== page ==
6. Poker is a not game of luck. This is perhaps the most common misconception, and it is dead wrong. Luck averages out. Over time, all players receive the same percentage of good hands and bad hands. The difference is what players do with those hands. A good player will maximize the amount won with good hands and minimize the amount lost with bad hands. The key element that separates winners from losers, over time, is not the cards dealt, but the decisions made. Stu Unger, three-time World Series of Poker champion, put it this way: "In cards, the luck always balances out. The good players are going to win. Any player that thinks card playing is a game of luck, Iíll show you a fool. Thatís what the losers always say. The winners donít worry about the short term; we play for the long term."

7. Cheating is not rampant. The prevalence of cheating is another incorrect impression held by many. In private backroom games, cheating does happen occasionally. But in modern casino cardrooms and high-profile tournaments, where most of todayís professionals play, cheating is virtually nonexistent. (Online poker, however, is a different story. It is possible to cheat when playing on the Internet, due to the nature of the technology. If you'd like to explore a particular way to cheat when playing online, click here: Poker Cheat.) Although cheating is technically possible in some situations, and it does happen, it is not nearly the factor that many people suppose. If you are hesitant to play poker out of fear of being cheated, you are overreacting.

8. Poker is not an addiction. No matter what the media would have you believe, the vast majority of poker enthusiasts play because they enjoy the game, not because they are hooked in some way. Sure, a tiny percentage of players do struggle with addiction, but they are people with an addictive personality, whether or not they play poker. We should not blame poker for someone's compulsive behavior any more than we should blame sex for someone being a rapist.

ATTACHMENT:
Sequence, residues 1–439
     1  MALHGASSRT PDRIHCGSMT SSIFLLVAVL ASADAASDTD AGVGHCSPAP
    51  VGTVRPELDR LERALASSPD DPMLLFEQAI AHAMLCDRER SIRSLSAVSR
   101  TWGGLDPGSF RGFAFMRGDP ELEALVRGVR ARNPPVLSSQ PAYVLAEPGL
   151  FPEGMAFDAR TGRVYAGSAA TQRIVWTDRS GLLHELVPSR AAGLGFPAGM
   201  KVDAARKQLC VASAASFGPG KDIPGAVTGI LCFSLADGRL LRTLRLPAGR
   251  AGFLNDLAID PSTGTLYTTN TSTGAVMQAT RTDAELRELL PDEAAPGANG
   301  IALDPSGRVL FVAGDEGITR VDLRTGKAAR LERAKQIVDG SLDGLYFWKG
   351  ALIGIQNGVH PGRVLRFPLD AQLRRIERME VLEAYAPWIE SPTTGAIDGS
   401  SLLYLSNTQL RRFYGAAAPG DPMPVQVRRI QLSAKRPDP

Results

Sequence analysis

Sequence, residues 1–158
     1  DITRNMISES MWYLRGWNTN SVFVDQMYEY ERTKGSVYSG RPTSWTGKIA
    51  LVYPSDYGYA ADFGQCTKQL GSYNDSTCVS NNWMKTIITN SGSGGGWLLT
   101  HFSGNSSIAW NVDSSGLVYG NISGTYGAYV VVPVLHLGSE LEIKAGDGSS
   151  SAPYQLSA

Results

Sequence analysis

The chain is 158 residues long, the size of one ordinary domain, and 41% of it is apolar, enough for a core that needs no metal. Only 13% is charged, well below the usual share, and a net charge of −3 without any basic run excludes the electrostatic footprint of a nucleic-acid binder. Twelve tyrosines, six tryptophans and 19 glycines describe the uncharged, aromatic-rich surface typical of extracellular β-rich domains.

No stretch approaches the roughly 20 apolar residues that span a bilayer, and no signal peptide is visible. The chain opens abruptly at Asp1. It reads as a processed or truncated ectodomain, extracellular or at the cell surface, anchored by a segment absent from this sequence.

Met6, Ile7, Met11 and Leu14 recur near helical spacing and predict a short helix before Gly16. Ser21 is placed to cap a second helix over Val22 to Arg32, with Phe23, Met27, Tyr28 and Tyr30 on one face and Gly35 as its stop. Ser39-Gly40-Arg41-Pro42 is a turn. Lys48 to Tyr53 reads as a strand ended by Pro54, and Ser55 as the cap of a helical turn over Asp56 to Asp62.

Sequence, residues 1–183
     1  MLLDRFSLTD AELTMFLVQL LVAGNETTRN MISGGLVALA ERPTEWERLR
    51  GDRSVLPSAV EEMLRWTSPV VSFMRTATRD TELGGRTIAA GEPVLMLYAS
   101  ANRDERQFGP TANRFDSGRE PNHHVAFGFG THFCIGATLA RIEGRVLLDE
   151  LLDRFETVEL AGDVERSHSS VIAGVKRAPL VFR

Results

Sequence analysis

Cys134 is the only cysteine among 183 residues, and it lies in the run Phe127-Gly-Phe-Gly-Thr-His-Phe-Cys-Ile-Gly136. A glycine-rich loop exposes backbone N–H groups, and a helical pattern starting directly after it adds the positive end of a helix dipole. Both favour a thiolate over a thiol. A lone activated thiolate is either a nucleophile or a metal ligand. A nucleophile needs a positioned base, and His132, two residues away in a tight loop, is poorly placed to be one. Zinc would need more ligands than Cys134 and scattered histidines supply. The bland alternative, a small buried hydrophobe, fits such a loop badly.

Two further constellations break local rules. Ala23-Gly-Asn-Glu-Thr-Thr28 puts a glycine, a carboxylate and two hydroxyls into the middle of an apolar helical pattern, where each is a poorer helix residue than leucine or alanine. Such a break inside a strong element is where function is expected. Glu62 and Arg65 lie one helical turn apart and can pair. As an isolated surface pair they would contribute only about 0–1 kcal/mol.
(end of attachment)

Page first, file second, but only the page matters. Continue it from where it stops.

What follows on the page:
9. Poker is not sleazy. There is nothing even remotely "underbelly" about the beautiful game of poker. A great many good and decent folks play for a wide variety of reasons, such as fun, challenge and personal betterment. Poker highlights the best of human interaction and calls into play the most honorable of human qualities, such as courage, sound reasoning and self-control. Poker is a wonderful way to build character.

10. Poker is not illegal. Most people with a functioning brain do not actually believe this, but the forces of misguided morality want you to think that the game of poker is against the law. It is not. Poker is not associated with crime in any way. Nor is it controlled by the mob. Not is it dangerous. You do not need to be on the lookout for gangsters. Or gunplay. No, you do not need to carry a sidearm and shoot your way out of the casino to protect your loot. Youíve been watching too many movies.

These are a few common misconceptions held by many in the public. If you encounter people with these ideas, please set them straight. But be understanding; it's not their fault that they hold these incorrect viewpoints, which are passed off as fact everywhere in today's media. It rests with us, intelligent members of the poker-playing community, to spread the truth regarding the magnificent game of poker.


Timmor L. White is the founder and president of Online Poker Systems and the OPS Group. With a background in Internet technology, he is active in the study and reporting of online-poker playing strategies. If you wish to explore a specific way to cheat when playing online, click here: Online Poker Cheat.